This topic provides information about the TrueSight Network Automation device agents.
The following diagram illustrates the device agent architecture:
Local device agent
When TrueSight Network Automation is installed, a single local device agent is created. This local device agent runs within the TrueSight Network Automation application server and is always present.
Remote device agent
A remote device agent is a separate application installed on a remote system. TrueSight Network Automation supports up to 50 remote device agents. A remote device agent offers the following capabilities:
- Managing devices behind firewalls or in a demilitarized zone (DMZ) where you cannot enable Telnet/SSH and TFTP/FTP/SCP ports, but can enable an SSL port.
- Managing multiple networks that have duplicate IP address ranges.
- Improving performance and reduce WAN bandwidth when loading software images to devices in a region site/region. The OS image is transferred once to the device agent for distribution locally to the devices.
- For managed service providers, securely managing customer networks through a dedicated device agent that is co-located at the customer premises. Customer devices are managed over a single SSL connection.
At installation, all devices by default are assigned to the local device agent.
Remote Method Invocation (RMI) is used for all communication between application server and agent. All communication is initiated from the application server. The remote device agent then uses Telnet/SSH and TFTP/FTP/SCP to manage configurations on the devices. Device agents can also be configured to receive and filter syslog events from network devices.
The application server gathers the syslog messages from a queue at the agent. The server pings the agent once every two minutes. Handshaking calls initially push syslog filters down to the agent. During job execution, the server calls the agent to execute each step of the connection session—open connection to the remote device, log on to the remote device, discover core on the remote device, backup the configuration from the remote device, and log off from the remote device. The amount of data in these additional RMI arguments is trivial (less than 1K per device) compared to the sizes of the configuration and image arguments, which includes device address, file server credentials, timeouts, NAT address, and other parameters, in addition to file transfers involved.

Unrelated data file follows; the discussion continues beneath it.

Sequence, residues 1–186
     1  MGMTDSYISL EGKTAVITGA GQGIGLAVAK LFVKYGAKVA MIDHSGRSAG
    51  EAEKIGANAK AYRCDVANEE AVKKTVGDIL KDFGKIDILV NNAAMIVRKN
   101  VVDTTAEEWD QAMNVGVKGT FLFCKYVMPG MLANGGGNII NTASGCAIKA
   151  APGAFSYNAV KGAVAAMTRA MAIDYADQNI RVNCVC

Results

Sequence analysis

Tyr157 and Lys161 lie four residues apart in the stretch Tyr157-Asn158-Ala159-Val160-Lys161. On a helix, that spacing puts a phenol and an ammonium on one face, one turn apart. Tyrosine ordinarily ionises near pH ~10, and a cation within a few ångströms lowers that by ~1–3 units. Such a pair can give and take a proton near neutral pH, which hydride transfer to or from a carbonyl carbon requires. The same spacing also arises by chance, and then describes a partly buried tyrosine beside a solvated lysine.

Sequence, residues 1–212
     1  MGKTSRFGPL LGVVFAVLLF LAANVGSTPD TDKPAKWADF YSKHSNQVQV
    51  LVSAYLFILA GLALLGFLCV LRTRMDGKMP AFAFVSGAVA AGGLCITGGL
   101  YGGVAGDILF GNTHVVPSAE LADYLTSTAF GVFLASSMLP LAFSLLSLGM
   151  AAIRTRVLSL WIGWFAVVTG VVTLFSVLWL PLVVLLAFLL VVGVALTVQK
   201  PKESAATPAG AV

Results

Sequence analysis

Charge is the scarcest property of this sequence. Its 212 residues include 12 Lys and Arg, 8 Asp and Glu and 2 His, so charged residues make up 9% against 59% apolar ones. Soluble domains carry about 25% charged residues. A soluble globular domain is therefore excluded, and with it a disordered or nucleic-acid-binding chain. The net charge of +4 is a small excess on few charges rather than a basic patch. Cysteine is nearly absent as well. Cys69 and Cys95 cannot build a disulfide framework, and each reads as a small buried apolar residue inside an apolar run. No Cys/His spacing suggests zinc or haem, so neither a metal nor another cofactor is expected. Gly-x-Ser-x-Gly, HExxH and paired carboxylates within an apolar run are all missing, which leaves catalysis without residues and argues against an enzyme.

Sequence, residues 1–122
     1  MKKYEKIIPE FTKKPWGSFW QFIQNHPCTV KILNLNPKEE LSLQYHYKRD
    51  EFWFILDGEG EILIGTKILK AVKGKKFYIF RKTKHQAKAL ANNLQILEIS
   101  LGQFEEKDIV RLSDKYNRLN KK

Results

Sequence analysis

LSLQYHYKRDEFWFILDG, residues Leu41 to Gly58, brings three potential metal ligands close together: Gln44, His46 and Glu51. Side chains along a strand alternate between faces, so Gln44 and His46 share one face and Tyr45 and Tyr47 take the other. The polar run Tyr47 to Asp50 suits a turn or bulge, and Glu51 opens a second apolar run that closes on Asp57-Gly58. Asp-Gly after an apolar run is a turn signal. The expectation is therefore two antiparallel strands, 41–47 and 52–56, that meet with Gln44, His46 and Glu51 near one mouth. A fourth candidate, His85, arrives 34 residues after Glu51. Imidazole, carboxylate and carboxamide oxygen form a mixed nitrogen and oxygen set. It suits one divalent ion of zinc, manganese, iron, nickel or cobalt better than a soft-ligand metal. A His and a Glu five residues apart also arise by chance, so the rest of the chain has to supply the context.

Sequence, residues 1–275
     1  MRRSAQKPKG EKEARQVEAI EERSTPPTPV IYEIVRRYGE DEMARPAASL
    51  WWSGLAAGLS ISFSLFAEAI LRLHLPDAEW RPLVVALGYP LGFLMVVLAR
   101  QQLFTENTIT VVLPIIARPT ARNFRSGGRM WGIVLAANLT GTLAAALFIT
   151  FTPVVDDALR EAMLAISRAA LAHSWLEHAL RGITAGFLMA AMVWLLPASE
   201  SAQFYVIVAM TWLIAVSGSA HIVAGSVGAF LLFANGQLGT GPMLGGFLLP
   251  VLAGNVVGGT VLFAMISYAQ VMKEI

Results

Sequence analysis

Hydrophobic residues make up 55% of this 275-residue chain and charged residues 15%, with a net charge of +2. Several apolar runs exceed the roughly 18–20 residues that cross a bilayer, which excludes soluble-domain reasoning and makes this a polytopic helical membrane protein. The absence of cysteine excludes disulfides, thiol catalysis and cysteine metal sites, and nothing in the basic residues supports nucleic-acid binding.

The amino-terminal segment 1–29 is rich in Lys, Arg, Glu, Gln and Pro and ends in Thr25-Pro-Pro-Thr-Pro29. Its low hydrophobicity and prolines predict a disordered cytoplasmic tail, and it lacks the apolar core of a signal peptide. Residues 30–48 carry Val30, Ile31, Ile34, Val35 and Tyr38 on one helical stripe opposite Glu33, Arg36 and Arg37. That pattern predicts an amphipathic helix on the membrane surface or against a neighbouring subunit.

The remote device agents use a single secure connection (default port 1099, which can be configured) for all communication with the TrueSight Network Automation application server. Configuration or image files sent to the device or collected from it are sent over port 1099 along with all the other RMI data. There is no database at the agent. A TFTP/FTP/SCP file server at the agent is involved in exchanging files between the agent and the network devices being managed.
When the remote device agent is installed, the installer creates a set of bootstrap files and services that enable the remote device agent to be started, stopped, and to listen for connections from the application server. See Installing the remote device agent on Linux and Installing the remote device agent on Windows for more information about installing a remote device agent.
When the application server makes the initial connection, it passes down to the remote device agent an updated set of configuration and binary files that are used by the agent to run. When the application server is upgraded, it passes the newly upgraded files to the remote device agents. If you are upgrading the application server, you must also upgrade all remote device agents to the same version as TrueSight Network Automation.
Managing multiple customer networks through a single Device Agent
NEW IN 8.9.03Management of devices with multiple customer networks at the TrueSight Network Automation agent layer is normally done by deploying a separate agent dedicated to managing the devices in a network. However, if you require a single agent to be able to manage multiple customer networks, each network needs to be reachable via a different network interface card (NIC) at the agent.